It seems as if it were the end of the holidays, where the sun of an Indian summer still shines through or a warm breeze caresses the skin. In the aftermath of the flirtations and the heart full of memories remains the outdated charm of the seaside resorts of our Mediterranean coasts, whose utopian architectures rival each other in ingenuity and stylistic audacity.
Shane Lynam’s pastel photographs are the faded memory of an ambitious urbanist project initiated by Charles de Gaulle in 1963, at the time of the Trente Glorieuses. The “Mission Racine” aimed to promote tourism in the Languedoc-Roussillon region and to enable the middle classes to afford holidays. A colossal development and sanitation plan for the territory was implemented over nearly 20 years, with cities within the cities emerging from the sand from Port Camargue to La Grande Motte, via Cap d’Agde, Gruissan, Port-Leucate and Port-Barcarès. The ideological challenges then stirring Occitania, which feared losing its soul by becoming a “New Florida”, are now taking shape in a French landscape labelled “Heritage of the 20th century”, since 2010.
Fifty years later, the Fifty High Seasons series (produced between 2010-2017) embraces the ideals of a social policy that has revolutionized the face of the coastline and the regional economy, with the crystallized affects of summer visitors. The sun has faded into bright colours and avant-garde architecture with facades undulating like waves or inspired by distant lands such as the pyramids of the Mexican site Teotihuacan or Greek houses, seem to have married a territory that is forgotten as it was composed exclusively of ponds, marshes, dunes, vineyards and mosquitoes that spread a large number of diseases.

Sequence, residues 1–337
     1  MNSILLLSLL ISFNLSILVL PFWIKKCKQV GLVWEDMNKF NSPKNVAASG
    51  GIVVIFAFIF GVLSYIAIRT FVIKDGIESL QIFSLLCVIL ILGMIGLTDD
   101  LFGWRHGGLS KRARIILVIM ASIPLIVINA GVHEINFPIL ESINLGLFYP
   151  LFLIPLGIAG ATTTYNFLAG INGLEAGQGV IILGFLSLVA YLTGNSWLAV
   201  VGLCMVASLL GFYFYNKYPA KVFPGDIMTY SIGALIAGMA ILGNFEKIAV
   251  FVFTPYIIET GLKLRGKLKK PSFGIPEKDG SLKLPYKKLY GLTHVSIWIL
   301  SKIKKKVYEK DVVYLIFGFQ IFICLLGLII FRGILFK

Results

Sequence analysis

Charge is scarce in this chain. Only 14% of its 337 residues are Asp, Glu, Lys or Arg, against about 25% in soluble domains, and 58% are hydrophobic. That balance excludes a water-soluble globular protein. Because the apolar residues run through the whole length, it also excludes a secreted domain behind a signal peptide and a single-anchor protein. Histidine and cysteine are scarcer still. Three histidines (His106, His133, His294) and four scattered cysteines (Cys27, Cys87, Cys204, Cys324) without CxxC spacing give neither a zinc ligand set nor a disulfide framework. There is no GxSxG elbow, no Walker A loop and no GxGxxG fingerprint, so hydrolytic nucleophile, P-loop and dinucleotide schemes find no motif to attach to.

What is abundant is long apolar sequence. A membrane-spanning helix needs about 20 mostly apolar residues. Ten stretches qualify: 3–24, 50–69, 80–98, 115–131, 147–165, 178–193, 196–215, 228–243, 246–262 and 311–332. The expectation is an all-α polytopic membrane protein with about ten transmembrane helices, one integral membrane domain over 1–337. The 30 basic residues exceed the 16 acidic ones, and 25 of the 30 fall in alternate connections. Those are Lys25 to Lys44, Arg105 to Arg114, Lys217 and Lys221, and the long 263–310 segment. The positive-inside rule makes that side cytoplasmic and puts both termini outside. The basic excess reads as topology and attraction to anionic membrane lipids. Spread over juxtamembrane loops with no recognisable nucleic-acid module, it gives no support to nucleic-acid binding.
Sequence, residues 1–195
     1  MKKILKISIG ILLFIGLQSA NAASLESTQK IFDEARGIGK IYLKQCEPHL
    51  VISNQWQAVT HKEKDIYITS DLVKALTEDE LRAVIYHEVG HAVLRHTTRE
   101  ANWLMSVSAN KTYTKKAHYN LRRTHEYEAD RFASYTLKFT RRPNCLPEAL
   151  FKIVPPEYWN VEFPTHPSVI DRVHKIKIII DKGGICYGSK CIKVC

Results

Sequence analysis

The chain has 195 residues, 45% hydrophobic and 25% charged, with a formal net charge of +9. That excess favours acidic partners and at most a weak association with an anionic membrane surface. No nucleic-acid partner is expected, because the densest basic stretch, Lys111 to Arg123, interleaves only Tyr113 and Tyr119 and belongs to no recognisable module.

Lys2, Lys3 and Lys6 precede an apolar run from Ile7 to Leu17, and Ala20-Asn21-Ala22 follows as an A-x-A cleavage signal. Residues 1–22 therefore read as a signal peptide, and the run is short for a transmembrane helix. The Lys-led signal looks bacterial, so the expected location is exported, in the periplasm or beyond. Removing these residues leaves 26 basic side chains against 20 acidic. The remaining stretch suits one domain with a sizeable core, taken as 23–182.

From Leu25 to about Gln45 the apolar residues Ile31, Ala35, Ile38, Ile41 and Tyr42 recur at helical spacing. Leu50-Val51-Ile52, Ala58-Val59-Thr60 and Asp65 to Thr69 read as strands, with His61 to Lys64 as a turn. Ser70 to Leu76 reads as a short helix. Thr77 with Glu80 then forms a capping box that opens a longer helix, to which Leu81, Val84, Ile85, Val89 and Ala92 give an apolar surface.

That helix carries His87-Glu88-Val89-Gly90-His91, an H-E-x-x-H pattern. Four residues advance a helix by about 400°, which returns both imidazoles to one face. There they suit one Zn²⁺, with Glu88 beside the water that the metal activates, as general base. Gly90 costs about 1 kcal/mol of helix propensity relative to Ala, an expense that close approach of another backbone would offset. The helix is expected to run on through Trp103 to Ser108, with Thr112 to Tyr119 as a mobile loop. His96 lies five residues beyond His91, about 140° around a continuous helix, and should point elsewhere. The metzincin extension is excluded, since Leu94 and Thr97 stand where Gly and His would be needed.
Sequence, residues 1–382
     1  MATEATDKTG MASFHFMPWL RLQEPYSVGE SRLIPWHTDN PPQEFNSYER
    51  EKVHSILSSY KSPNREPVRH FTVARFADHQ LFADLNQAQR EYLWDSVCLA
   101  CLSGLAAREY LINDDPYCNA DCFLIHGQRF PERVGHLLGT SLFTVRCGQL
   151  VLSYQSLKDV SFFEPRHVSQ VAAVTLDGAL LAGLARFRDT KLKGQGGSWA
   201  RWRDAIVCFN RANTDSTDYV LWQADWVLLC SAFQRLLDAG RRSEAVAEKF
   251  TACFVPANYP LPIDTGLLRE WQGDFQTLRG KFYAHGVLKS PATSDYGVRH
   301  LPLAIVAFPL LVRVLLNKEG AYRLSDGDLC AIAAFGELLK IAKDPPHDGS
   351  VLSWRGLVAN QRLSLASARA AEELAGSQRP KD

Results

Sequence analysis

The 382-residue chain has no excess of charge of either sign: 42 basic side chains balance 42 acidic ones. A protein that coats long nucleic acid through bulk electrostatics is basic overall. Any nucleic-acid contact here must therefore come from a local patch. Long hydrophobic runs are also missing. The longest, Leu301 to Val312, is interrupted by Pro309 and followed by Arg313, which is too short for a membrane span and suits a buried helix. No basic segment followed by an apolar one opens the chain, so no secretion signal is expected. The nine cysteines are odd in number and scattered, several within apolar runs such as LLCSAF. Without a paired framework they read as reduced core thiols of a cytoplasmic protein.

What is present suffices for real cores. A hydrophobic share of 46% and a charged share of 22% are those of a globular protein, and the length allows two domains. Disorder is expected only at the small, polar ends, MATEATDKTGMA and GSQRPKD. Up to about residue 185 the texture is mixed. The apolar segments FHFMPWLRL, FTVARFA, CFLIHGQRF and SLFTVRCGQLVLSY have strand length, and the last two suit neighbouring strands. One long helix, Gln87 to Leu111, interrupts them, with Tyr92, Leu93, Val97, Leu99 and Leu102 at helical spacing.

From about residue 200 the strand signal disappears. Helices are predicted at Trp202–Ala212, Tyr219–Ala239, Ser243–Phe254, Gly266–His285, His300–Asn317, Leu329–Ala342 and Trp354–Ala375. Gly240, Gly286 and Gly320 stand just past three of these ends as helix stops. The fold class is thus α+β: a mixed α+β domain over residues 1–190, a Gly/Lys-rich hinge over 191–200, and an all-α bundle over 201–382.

Thus were born seaside resorts, where the ideals of the suburbs were transposed to the development of tourism. Built in a few decades, concrete resorts took the place of fishermen’s huts and welcomed, for a summer, new flocks.
Since 2003, while still a student in Dublin, the young Irish-born has been travelling the coast in the dual position of tourist among tourists and surveyor-archivist. While projecting a picturesque vision of the region, he discovered an artificial and functional world, attractive and playful, but whose already worn patina fed his imagination and nostalgia for a bygone era.
From these cities close to non-places, with interchangeable spaces where anonymous people pass through, Shane Lynam retains the promise of an escape, if only because it is thought that resort has its origin in French “ressort”, meaning to bounce back, flee or withdraw. Therefore, unlike the consumer relationship that usually takes place in these places of passage – airports, supermarkets and other motorway areas -, resorts embody more vividly than anywhere else the crystallized memory of our childhood, adolescence or parental projections, like a moment suspended between leisure and rest.
Shane Lynam, Fifty High Seasons
May 2 – June 8, 2019
Galerie Bertrand Grimont
42 – 44, Rue de Montmorency